Former FA chief executive Mark Palios has warned EFL clubs the financial impact of the coronavirus pandemic could be even greater than the £200 million blow first feared.
EFL chairman Rick Parry estimated the cost of the shutdown earlier this month but Palios, also chairman of League One Tranmere, believes the sum will continue to grow.
And he called for more talks between the EFL and the Professional Footballers’ Association, and a relaxation of the league’s rules governing administration, in a bid to mitigate the effects.
Speaking on ‘Ridge on Sunday’ on Sky News, Palios warned: “Whilst you may look at the ‘hole’ which has been articulated as £200 million to September – I think it’s bigger than that.
“There is a real financial maelstrom coming towards the league at this point in time.
“I personally believe we haven’t seen the worst of it yet, and during the course of the summer you’ll see a lot more financial stress on the clubs as we move onwards and continue to pay wages.
“I think what you’ll see is a lot of clubs will stumble down the road to insolvency. You might see people getting high court orders against them. They’ll bumble on for a period of time.”
With League One clubs still struggling to reach a consensus on completing the season, Palios repeated his belief that relegation should be scrapped in order to help ease the financial burden.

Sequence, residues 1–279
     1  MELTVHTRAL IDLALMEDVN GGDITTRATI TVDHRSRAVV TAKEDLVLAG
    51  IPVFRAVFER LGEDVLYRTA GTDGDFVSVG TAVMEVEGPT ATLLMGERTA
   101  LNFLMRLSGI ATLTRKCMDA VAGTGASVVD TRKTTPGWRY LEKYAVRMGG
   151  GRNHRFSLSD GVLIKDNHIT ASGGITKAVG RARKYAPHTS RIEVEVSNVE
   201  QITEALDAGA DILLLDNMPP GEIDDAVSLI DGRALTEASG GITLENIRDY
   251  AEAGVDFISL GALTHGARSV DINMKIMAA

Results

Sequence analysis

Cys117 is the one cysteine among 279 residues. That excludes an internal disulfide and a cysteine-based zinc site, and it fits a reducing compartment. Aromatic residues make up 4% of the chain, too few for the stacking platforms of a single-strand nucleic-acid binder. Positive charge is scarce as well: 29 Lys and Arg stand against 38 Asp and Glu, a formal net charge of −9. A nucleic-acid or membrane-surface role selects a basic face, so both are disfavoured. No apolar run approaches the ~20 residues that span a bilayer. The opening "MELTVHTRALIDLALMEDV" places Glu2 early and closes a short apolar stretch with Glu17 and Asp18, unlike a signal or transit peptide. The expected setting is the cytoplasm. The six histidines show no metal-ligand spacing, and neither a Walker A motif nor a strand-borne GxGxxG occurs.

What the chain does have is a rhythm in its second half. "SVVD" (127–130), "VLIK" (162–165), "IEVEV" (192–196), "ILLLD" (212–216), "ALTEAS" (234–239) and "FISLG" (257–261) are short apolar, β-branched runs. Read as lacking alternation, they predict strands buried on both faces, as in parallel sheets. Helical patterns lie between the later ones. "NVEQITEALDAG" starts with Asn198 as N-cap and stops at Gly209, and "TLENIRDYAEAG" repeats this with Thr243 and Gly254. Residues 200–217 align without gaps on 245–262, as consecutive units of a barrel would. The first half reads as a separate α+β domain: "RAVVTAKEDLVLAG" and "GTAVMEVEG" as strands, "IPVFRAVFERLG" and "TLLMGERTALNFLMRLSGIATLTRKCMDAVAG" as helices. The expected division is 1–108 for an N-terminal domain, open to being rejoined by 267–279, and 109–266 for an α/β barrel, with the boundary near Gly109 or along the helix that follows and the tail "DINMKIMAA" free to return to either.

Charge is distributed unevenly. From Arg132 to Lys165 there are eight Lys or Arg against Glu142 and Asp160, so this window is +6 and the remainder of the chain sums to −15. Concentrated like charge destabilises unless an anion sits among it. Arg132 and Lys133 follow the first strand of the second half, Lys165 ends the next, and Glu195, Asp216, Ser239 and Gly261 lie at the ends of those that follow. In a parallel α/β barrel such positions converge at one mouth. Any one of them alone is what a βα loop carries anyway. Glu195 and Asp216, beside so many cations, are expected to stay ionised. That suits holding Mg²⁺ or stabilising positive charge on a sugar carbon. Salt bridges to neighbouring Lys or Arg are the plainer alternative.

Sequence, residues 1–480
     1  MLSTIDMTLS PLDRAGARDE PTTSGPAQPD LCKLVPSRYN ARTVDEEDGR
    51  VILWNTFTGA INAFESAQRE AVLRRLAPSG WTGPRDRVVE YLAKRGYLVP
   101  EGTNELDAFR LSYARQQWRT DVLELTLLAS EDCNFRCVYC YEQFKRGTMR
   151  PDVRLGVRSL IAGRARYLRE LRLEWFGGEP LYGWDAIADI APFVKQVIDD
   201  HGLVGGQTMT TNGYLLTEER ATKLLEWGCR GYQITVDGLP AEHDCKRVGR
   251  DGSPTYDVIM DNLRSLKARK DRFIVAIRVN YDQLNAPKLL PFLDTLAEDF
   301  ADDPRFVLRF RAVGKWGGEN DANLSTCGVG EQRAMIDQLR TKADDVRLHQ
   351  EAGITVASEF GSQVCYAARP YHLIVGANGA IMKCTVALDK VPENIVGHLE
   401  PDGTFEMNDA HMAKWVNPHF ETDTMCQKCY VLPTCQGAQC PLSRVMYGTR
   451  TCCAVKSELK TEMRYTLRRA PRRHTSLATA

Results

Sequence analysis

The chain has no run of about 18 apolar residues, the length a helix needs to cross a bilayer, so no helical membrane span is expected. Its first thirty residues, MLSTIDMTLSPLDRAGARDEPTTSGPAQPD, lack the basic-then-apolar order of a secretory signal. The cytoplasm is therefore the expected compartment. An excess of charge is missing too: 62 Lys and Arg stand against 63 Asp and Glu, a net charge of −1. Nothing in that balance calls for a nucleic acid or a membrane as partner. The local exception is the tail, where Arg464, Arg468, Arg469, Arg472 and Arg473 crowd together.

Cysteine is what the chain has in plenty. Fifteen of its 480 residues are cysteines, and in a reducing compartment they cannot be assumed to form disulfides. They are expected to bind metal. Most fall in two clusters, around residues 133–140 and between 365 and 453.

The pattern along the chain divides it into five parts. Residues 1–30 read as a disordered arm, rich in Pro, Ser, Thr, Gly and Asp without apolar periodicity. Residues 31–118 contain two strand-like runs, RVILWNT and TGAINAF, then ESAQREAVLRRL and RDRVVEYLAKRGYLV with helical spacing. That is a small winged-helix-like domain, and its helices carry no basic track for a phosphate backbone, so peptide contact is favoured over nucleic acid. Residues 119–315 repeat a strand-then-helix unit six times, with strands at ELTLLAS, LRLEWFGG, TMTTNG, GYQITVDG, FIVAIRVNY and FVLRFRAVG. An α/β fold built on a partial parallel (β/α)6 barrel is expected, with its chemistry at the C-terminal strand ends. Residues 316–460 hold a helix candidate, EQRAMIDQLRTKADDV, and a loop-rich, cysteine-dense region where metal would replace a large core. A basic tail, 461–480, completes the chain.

Tranmere are currently in the bottom three and Palios insisted: “We don’t want to have a decision foisted upon us that is going to affect us financially. Why would you.. in terms of certain clubs, foist on them an even worse position?”
Palios also proposed a clarification of EFL rules regarding clubs which enter administration, although the current points deductions can be appealed on the basis of so-called ‘Force Majeure’ events.
He added: “This is a consequence of a pandemic, so I think they need to be considering that clubs may need to go to the protection of administration.. it is a rescue procedure, and I think it needs to be modified for the circumstances of the pandemic.”
Huddersfield chairman Phil Hodgkinson has painted an even bleaker picture by suggesting up to 60 clubs could go bust – and he insists the sport only has itself to blame.
Despite insisting the Terriers are in a good place to survive the crisis, Hodgkinson said he fears for the future of smaller clubs which face escalating costs at the same time as a significant drop in income.
He told the Yorkshire Post: “Let’s not pretend that football didn’t cause this problem, it did. Football has created the position we are in. What we have now is the opportunity, with this COVID-19 pandemic, is to get football back into a place where it’s run better.
“Football has caused this problem and football should fix it. If this isn’t solved, you could be looking at 40, 50, 60 clubs in the pyramid ceasing to trade within the next six to 12 months; that’s how big this problem is.”
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